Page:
T-Levels – two-year courses that prepare students for work – will launch in the UK in September 2020, providing an alternative pathway that will follow GCSEs with content developed in collaboration with businesses and employers.
T-Levels will be equivalent to three A-Levels, with a Distinction* grade in the former worth 168 UCAS points, corresponding with three A*s, each worth 56 points, university admissions service UCAS announced earlier this year.
“The size and rigour of a T-Levels programme is comparable to a three A-Level programme,” said the Department of Education.
Here’s how the two qualifications compare in terms of grades:
|UCAS tariff points
|T-Levels overall grade
|Pass (C or above on core component)
|Pass (D or E on core component)
UCAS said the points system was “based on the size of the qualification (the number of learning hours) and the grade achieved by the student, using regulated information”.
Director of External Relations, Helen Thorne, said: “Universities and colleges make their own admissions decisions and accept a broad range of qualifications for entry to higher education, including vocational and technical qualifications.
“Our information and advice for students, their teachers and universities is being updated to help them understand more about the new T-Levels and the opportunities they can offer.
“It’s important to remember that not all universities use tariff points in their entry requirements and offers, so we encourage students to check the UCAS website and with universities directly about the qualifications they accept.”
Responding to this, a spokesperson for the UK government said T-Levels were “the gold standard technical course of choice for young people post-16” and equivalent to A-Levels.
“This means young people, parents and employers can be confident T-Levels will be just as stretching as their academic equivalents, and will offer students the option of progressing to the next level, whether that is a job, higher technical training, a degree or an apprenticeship.
“Last week, the education secretary also announced that T-Level results would be published on the same day as A-Levels from 2022, so that all students receive the recognition they deserve for their hard work.”
T Levels are new courses- equivalent to A Levels – launching in 2020, designed by employers to give young people key technical skills & hands-on experience. We have just launched the funding consultation: https://t.co/W2WNluQUbd pic.twitter.com/nXXwkZTE5Z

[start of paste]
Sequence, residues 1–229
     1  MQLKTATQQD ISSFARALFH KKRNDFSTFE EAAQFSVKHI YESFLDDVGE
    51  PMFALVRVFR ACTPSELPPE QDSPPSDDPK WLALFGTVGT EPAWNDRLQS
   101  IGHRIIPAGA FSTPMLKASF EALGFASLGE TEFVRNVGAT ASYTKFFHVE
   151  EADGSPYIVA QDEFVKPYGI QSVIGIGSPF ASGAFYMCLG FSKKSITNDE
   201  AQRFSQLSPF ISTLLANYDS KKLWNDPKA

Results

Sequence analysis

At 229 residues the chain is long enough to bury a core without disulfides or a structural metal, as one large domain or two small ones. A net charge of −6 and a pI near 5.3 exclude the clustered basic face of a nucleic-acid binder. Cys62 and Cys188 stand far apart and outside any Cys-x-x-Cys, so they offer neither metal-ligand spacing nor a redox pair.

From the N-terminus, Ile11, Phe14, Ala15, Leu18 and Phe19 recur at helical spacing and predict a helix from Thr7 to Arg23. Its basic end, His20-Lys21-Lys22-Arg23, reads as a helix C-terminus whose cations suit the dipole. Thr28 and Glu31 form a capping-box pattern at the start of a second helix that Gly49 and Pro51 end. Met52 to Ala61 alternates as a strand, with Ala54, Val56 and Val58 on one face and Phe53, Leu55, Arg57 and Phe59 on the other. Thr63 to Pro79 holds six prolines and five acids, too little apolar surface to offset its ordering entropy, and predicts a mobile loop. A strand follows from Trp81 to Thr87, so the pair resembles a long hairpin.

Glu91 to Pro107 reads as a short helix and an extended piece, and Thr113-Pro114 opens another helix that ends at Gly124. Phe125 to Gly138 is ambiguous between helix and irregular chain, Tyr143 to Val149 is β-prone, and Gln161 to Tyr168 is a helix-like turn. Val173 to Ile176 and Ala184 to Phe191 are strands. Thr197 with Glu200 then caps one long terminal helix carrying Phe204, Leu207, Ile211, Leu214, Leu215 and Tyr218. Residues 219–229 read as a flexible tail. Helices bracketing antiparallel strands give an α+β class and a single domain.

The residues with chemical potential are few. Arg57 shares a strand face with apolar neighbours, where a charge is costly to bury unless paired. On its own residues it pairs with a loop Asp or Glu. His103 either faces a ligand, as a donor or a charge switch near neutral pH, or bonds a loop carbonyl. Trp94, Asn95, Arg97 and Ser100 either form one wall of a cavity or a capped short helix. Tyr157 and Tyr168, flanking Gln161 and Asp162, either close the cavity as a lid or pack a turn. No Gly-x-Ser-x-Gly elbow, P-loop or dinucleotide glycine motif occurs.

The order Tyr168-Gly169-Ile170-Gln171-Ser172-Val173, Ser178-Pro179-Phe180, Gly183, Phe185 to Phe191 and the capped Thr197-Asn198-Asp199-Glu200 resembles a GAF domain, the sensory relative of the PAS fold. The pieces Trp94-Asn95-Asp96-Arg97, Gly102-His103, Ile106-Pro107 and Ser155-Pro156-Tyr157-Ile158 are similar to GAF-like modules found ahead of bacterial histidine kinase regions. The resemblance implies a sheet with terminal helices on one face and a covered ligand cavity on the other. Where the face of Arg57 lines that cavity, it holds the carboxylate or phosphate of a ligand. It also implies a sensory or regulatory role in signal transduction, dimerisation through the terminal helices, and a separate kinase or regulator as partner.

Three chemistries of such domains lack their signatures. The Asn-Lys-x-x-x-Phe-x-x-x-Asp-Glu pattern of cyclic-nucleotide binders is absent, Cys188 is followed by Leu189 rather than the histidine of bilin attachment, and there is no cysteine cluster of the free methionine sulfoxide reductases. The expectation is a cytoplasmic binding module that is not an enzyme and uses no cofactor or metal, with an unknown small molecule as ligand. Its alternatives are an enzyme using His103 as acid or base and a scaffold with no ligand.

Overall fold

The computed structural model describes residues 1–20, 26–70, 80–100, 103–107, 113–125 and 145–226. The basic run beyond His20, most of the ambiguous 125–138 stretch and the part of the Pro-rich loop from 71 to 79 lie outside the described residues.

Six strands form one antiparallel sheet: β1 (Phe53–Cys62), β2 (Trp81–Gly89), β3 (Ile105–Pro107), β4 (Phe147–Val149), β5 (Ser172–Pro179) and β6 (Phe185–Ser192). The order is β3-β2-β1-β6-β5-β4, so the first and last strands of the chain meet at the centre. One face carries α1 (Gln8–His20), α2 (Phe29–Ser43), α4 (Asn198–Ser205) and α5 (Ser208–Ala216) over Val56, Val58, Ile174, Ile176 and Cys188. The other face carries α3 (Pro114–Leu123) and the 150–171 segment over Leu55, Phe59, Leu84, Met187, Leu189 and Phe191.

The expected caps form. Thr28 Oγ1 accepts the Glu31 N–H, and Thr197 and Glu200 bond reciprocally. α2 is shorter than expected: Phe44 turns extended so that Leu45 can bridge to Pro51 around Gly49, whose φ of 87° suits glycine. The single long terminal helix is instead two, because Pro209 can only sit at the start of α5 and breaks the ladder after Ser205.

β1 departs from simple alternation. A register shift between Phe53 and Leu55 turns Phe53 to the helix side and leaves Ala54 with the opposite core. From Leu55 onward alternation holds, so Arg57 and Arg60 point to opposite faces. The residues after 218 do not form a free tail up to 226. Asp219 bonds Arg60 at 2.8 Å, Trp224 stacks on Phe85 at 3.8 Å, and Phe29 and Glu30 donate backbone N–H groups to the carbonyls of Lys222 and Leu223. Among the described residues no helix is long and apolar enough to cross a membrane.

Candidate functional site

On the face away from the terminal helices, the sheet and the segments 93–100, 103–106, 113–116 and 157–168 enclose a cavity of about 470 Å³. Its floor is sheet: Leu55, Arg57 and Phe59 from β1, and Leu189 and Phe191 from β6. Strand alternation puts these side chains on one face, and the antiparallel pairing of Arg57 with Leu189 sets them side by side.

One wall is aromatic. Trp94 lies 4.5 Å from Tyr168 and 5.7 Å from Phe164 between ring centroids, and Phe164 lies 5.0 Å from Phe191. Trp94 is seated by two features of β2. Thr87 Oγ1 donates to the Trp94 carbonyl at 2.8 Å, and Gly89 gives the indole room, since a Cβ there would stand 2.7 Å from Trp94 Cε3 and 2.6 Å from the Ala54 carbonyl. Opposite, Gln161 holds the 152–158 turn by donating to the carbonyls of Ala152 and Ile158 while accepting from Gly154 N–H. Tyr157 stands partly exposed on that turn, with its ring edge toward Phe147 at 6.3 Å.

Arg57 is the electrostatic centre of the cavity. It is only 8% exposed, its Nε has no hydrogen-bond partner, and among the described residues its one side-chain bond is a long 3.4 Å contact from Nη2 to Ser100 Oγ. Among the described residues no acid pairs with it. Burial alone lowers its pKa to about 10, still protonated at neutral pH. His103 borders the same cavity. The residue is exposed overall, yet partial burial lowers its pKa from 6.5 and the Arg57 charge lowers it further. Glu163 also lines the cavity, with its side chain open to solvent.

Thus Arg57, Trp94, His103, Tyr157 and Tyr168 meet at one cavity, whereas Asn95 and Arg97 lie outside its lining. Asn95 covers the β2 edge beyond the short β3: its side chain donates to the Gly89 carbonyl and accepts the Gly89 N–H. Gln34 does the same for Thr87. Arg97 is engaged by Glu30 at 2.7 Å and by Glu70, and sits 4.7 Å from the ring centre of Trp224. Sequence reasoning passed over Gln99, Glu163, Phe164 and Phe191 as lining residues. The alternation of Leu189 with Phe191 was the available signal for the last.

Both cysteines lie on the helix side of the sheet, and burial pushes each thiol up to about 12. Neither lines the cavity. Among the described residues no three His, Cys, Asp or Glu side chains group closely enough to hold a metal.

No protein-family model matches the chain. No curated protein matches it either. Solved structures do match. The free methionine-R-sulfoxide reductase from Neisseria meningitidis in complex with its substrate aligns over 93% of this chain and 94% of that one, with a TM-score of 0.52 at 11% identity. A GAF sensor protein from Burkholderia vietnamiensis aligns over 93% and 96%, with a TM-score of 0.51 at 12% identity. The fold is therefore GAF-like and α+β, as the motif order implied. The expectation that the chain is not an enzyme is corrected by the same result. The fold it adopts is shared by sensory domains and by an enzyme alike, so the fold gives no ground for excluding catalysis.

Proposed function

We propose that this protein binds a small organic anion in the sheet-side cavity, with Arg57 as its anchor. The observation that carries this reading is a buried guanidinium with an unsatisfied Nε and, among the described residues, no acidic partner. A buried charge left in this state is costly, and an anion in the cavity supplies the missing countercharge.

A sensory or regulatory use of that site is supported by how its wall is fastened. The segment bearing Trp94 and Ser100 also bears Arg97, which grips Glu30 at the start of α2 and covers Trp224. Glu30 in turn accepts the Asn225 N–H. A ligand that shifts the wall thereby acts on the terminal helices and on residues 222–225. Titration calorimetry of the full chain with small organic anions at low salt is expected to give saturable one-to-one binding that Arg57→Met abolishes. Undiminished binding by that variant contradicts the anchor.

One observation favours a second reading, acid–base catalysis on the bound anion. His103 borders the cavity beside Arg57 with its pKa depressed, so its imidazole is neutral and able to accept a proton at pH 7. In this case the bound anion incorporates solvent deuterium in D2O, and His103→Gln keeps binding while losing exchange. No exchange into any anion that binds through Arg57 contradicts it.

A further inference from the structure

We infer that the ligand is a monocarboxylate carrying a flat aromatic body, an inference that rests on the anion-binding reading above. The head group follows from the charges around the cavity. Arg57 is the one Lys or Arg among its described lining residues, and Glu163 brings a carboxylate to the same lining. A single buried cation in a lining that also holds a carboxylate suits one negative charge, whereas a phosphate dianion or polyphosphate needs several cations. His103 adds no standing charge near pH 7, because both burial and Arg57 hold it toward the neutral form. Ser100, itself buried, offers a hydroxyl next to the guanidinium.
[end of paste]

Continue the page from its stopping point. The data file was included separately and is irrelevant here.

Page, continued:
— Damian Hinds (@DamianHinds) November 28, 2018
T-Levels: A mini guide
T-Levels are new technical courses students can sit alongside the traditional academic A-Level qualifications and apprenticeships. Selected colleges and schools (providers) across England will offer this qualification, designed by employers and approved by the Institute for Apprenticeships and Technical Education in September 2020.
It combines classroom learning and ‘on-the-job’ experience during an industry placement of at least 315 hours (approximately 45 days). The compulsory components are a technical qualification – which will include core theory, concepts and skills for an industry area as well as specialist skills and knowledge for an occupation or career – an industry placement with an employer and a minimum standard in maths and English if students haven’t already achieved them.
The knowledge and experience gained from this can be used to enter skilled employment, further study or a higher apprenticeship.
T-Level subject areas include accountancy, agriculture, land management and production, animal care and management, cultural heritage and visitor attractions, digital business services, education, financial, healthcare science, onsite construction and science. Here’s the link to the list of the providers that will be offering the first courses in digital production, design and development; design, surveying and planning; and education.